Saints Row 3 Remastered Review

There are two kinds of people: people who prefer Saints Row two and those that prefer Saints Row The Third (also known as Saints Row 3). Allow me to get this from the way in case you’re wondering. That is not to say I didn’t enjoy Saints Row The Third when it released in 2011, I did. Quite a bit, but I felt it leaned too far into science fiction and turned into, dare I say it, too over the top for me to enjoy it as much as Saints Row 2.

However, two years have passed and Deep Silver has seen fit to provide it that the remastered treatment and comprise all the DLC. So far as remasters go, it sure looks better; unfortunately little else has been improved. Read on to our Saints Row 3 Remastered review.

Right from the gate, I’ll say that if you absolutely loved Saints Row 3 the first time, you are going to love this remaster. It’s the exact same game, just with much better lighting and enhanced textures. The most noticeable distinction is when driving at night. With HDR enabled it seems fantastic. I did have to bump up the brightness a bit because without headlights (I jumped ) it was very difficult to see from the less populated regions of Stillwater.

Beyond that, however, it really does just seem like the same last-gen game, just in greater definition.  If you’ve played that game, you understand just what to expect, character customization is back and it is equally as restricted (in comparison to Saints Row 2) as it was before. In Saints Row two, I was able to make a fair likeness of myself to put myself to the match. Back in Saints Row 3, the alternatives for things such as facial hair or even regular hair choices, feel less powerful — especially in the facial hair department. I am well aware that this can appear as a nit-pick and maybe it is but it is my nit to pick. If this doesn’t bother you, you can skip this review and proceed to buying.

If It Ain’t Completely Broke…

Structurally I really do think Saints Row 3 did improve in certain areas over its predecessor, especially in how assignments are chosen. As opposed to driving to a checkpoint somewhere on the map to accept and begin a mission, all of accessible assignments are accessible from your in-game phone. Just select the assignment from the respective mission giver and you’re all set. You can absolutely set off other assignments until you’ve leveled up a few and have better stats and weapons. As soon as you’ve finished a mission you get money and that cash could be spent on character updates, customizing your character, buying weapons and ammo or buying property. Purchasing property functions as it will in similar games, makes it possible to create revenue. The more expensive the house, the more money it will generate.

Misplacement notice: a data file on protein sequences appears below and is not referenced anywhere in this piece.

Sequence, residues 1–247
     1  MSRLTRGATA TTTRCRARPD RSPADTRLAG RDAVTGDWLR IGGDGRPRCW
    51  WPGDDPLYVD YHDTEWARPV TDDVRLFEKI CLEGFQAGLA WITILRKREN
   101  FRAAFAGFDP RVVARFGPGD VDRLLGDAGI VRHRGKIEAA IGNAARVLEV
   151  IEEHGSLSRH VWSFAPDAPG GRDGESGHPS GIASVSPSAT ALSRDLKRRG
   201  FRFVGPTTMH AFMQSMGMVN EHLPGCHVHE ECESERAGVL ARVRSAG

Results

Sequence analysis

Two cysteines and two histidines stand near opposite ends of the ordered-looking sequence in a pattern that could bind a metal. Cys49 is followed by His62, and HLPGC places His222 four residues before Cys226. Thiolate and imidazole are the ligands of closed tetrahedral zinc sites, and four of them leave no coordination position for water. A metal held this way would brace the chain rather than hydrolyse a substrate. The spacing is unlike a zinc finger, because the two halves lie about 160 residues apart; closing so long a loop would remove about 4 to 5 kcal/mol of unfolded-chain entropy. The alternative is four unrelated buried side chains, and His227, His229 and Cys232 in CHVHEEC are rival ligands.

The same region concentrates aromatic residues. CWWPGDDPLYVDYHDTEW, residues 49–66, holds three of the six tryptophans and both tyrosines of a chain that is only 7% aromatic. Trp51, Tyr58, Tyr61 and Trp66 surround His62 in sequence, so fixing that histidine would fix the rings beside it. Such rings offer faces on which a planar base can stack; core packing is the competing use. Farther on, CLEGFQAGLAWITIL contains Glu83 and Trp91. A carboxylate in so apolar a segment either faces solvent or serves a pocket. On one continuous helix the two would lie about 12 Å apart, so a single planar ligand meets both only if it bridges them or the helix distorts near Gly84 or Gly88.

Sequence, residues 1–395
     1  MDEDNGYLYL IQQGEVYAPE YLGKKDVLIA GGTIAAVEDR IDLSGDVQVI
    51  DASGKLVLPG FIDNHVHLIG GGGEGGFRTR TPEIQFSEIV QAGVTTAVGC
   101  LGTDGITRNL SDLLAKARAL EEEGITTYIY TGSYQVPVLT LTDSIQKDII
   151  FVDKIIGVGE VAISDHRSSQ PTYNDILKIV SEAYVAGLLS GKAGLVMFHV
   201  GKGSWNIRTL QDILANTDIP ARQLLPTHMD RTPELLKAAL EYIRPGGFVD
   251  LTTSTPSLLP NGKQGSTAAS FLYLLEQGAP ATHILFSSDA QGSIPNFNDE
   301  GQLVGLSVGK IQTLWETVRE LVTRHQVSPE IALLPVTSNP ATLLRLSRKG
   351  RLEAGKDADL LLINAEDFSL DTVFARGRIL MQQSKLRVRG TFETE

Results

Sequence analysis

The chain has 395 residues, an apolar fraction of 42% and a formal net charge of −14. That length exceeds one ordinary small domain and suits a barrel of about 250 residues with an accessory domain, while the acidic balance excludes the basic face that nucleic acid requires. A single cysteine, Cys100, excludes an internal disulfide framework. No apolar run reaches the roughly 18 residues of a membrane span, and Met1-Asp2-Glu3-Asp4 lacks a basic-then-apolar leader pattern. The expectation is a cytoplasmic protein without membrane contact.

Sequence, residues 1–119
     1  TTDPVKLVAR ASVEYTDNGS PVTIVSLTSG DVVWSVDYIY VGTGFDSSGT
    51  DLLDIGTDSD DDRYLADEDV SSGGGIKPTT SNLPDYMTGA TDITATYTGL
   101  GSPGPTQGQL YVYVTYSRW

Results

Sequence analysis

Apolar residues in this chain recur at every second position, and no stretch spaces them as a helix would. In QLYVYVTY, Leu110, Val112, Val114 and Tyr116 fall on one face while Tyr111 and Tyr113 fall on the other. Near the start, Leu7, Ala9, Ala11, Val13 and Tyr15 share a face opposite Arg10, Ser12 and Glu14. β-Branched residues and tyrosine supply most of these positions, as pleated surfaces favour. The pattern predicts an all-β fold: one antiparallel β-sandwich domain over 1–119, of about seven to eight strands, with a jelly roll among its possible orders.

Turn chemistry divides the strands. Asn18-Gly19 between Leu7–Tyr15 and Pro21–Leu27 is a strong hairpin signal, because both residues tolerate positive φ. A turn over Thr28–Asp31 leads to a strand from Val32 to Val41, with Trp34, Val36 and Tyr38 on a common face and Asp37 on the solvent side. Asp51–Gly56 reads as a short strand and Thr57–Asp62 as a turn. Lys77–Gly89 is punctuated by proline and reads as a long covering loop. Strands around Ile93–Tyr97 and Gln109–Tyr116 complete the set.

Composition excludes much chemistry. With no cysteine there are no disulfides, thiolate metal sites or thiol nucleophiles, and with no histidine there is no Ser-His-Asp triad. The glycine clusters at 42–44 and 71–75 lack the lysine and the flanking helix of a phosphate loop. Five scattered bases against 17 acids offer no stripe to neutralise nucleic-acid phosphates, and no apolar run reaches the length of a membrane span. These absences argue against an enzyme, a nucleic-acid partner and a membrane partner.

One of the odder choices Saints Row 3 left was on how you get round the map. Early on you’re driving but not long after you start the game you may take over a penthouse base with helipad at which you can then buy a flying automobile and skip driving nearly entirely save for missions that still require it. And later in the game, you get an ability that basically makes cars obsolete. Sureit makes it fun, but it also makes investing any in-game money on customizing cars pretty meaningless.

The gameplay hasn’t changed somewhat in this remaster and that also means it hasn’t aged well. It controls well enough but third-person shooting has come quite a way since 2011, therefore it could make left trigger planning, which is not always mandatory, feel clunkier than I’d have enjoyed.

The Sounds of Stillwater

Each one the audio remains unchanged as far as I could tell so the same tunes are from the game so in case you have a channel you adored in 2011, it is here for you in 2020. Another reason I favored Saints Row 2 was since I found the audio to be more to my liking with tunes from The Dillinger Escape Plan and Paramore — no such comparable songs exist at Saints Row 3, which I acknowledge is my thing and won’t really affect anyone’s enjoyment should the care about such things.

You will notice I haven’t actually touched on the narrative and that’s because I’ve always found the tales from the Saints Row games to be largely foforgettablend not at all what I come to the show for. Needless to say, the story is ridiculous, but mostly well-acted and presented. The comedy remains of the dick and fart joke assortment and for mepersonally, has always been mostly hit and miss.

At the conclusion of the afternoon, Saints Row that the Third Remastered changes very little other than give a bump upward in its own aesthetics so if you loved the game nine years ago you are likely to love it now, irrespective of anything I’ve said here. Unfortunately, time and distance haven’t made my issues with the original game go awawaynd playing it now made me realize just how much I think this franchise requires a massive upgrade for the impending Saints Row 5.


  • An excellent looking remaster
  • All of the extra outfits you might want
  • Gameplay stays unchanged and dated but it’s still enjoyable
  • All the music in the first game is kept


  • Not as good as Saints Row two
  • Customization is unbelievably restricted
  • It’s not as funny as it thinks It’s
  • No gameplay improvements
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